|My Daughter Maggie
In this week’s article, we are going to explore some side dishes that are sure to be a big hit at your holiday dinner party. One is an old favorite that has recently reemerged on many menus this season. The other is a creative twist on a staple of many tables.
You may remember Brussel Sprout as those nasty little “cabbages” that you rolled around on your plate as a kid. At least that was my recollection. Today, I love them.
Here are a few interesting fact about this curious vegetable as well as a recipe for preparing them.
- Brussel Sprouts are said to be named after a city in Belgium but few historians believe they originated there. The first written record of them dates back to ancient Rome in 1587.
- Brussel Sprouts thrive in a cool climate (45-75 degrees) and are said to be sweetest when harvested after a stiff frost.
- The majority of domestic Brussel Sprouts are grown in the coastal areas of central California. This area is ideal because of its fog and cool year round temperature. The domestic harvest is approximately 32,000 tons, valued at $27 million dollars.
- They are a cultivar of the same species that include cabbage, collard greens, broccoli, kale and kohlrabi.
- Varieties include bubble, jade cross, oliver, prince marvel, royal marvel and valiant.
- The Sprout is high in vitamins A & C, folic acid and dietary fiber. They are also an excellent anti oxidant.
10 oz. Brussel Spouts, blanched and halved
1 Tbl. Extra Virgin Olive Oil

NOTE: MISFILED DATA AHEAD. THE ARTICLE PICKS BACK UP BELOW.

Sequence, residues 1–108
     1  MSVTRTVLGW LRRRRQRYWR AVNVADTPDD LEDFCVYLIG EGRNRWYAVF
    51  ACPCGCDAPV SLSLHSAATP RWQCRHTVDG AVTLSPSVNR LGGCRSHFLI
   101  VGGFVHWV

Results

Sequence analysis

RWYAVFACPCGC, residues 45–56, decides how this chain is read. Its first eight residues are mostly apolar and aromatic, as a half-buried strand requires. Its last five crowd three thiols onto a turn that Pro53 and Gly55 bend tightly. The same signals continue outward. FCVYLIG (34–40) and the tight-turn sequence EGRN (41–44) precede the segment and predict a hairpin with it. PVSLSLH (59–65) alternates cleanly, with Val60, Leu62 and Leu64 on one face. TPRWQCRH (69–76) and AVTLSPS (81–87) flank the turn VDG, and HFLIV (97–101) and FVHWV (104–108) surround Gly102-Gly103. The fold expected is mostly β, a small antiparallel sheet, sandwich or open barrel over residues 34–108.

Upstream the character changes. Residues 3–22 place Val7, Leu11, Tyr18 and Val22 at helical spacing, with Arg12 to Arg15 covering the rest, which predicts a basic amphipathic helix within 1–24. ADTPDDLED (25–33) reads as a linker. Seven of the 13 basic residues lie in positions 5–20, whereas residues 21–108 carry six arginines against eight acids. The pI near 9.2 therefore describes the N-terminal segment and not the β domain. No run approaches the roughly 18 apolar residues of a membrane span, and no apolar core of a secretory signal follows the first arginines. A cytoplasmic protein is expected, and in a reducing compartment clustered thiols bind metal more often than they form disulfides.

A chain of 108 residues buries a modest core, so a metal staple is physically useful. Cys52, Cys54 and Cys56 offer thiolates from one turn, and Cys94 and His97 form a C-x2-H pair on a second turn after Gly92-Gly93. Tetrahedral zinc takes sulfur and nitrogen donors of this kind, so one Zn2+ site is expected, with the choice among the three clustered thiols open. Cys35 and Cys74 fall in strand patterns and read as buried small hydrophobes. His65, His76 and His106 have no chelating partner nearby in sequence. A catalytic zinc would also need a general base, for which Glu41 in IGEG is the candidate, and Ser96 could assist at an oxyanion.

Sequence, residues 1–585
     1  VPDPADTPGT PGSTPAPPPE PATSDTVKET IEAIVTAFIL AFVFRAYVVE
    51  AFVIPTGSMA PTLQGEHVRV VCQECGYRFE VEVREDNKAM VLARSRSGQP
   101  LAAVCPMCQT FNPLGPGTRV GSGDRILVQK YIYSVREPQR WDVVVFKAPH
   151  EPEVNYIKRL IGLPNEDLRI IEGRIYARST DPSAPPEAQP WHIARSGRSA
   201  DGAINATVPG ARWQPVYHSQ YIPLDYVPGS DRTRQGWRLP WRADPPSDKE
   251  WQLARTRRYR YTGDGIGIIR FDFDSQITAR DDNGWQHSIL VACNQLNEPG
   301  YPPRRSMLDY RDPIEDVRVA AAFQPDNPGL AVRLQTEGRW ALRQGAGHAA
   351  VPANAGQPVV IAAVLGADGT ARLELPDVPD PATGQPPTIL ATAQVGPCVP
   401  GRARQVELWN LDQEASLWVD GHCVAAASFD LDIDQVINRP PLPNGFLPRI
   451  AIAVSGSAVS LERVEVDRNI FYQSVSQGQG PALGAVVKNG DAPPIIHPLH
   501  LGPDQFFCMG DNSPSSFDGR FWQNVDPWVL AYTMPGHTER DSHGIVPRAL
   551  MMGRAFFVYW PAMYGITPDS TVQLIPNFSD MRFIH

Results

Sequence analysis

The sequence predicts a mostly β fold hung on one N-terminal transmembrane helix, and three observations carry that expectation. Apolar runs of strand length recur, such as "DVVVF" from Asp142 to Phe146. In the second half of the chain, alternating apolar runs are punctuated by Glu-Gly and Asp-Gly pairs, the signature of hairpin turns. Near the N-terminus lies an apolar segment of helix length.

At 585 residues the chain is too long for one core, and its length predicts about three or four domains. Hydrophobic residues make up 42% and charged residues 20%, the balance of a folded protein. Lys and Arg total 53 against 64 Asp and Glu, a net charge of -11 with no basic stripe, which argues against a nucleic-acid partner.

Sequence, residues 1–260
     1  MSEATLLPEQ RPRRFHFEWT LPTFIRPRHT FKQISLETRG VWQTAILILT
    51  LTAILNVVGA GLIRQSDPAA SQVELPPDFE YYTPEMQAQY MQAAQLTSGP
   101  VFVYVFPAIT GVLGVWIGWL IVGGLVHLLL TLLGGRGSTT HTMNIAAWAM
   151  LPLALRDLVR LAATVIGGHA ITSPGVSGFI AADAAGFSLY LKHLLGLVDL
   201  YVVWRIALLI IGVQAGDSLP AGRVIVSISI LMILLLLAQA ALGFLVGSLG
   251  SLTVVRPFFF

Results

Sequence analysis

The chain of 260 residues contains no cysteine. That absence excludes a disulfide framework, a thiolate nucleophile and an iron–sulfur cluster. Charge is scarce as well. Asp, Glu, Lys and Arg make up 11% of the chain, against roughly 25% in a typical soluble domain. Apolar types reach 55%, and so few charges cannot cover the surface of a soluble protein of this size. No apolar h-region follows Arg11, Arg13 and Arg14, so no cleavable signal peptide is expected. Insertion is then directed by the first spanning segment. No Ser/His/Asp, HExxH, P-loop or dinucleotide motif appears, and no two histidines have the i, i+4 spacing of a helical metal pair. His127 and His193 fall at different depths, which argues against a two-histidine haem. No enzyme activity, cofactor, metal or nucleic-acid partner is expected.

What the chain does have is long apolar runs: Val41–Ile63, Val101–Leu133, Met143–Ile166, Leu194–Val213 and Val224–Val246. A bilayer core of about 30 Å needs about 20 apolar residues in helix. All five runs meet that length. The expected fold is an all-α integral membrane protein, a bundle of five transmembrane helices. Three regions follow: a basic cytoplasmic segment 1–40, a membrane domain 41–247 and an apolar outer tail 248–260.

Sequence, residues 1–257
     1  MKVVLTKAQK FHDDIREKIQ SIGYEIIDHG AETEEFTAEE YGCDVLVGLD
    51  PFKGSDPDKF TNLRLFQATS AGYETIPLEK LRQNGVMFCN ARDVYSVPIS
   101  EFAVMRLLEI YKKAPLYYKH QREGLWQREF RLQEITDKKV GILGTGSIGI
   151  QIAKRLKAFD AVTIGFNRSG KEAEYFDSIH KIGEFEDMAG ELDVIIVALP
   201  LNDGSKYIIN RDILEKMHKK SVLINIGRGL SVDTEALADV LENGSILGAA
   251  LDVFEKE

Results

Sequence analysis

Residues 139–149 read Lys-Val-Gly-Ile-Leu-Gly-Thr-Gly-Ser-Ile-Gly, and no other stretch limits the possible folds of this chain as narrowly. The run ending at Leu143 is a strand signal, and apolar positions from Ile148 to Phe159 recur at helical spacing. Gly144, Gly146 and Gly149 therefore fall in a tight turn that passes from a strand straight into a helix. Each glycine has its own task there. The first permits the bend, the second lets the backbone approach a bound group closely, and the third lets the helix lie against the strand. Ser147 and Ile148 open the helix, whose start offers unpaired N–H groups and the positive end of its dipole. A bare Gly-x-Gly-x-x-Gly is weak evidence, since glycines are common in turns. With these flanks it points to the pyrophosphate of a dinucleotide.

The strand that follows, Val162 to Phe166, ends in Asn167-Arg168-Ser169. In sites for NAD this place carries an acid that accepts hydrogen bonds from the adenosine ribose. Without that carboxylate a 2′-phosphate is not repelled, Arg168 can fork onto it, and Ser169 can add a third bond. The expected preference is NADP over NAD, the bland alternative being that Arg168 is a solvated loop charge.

2 slices Apple Wood Smoked Bacon, cut into ½”pieces
1 tsp. Minced Garlic
½ tsp. Kosher Salt
A Pinch Freshly Ground Black Pepper
1 tsp. Granulated Sugar
2 Tbl. Balsamic Glaze
To blanch the sprouts, bring a pot of lightly salted water to a boil. Trim the stem ends of the sprouts and boil until fork tender. Immediately drain and plunge in ice water to chill them quickly. Drain again.
In a medium sauté pan, heat the olive oil over medium high heat. Add the bacon and sauté until 75% cooked. Add the garlic and sauté for 30 seconds.
Add the brussel sprouts, toss well and season with salt, pepper and sugar. Sauté the sprouts until heated through, approximately 3 – 4 minutes.
Add the balsamic glaze, toss well and transfer to a serving platter. Serve immediately.
Idaho Potato Soufflé
4 large Idaho Russet Potatoes
1 Tbl. Roasted Garlic Puree
2 Tbl. Melted Butter
½ cup Heavy Cream, heated
¾ tsp. Kosher Salt
½ tsp. Ground Black Pepper
4 each Large Eggs, separated
1 Tbl. Minced Chives
½ cup Smoked Gouda Cheese, shredded
2 Tbl. Parmesan Cheese, shredded
Chive Sticks for garnish
Wash the potatoes and pat dry. Place on a metal baking tray and bake the potatoes in a 400 degree oven until fork tender, approx. 45 – 50 minutes. Remove and cool slightly.
Cut the top 1/3rd of the potato off horizontally. Reserve the tops for plating.
Scoop the meat out of each potato leaving a wall of skin approximately ¼” thick. Mash the potato meat through a ricer or food mill.
Weigh out 1 lb. of the mashed potato and place in a large mixing bowl. Add the roasted garlic puree, butter, cream, salt & pepper, and 4 egg yolks. Blend well with a wire whip.
Add the chives and both cheeses and mix again until thoroughly incorporated.
In a separate mixing bowl, whip the 4 egg whites with a wire whip to stiff peak stage.
Using a rubber spatula, gently fold the whipped egg whites into the potato mixture.
Fill each of the potato skins with the potato mixture. Place on a metal baking tray and bake in a 375 degree oven for 20 minutes. Place the potatoes on a large serving tray and lean the potato tops against each potato; garnish with chive sticks. Serve immediately.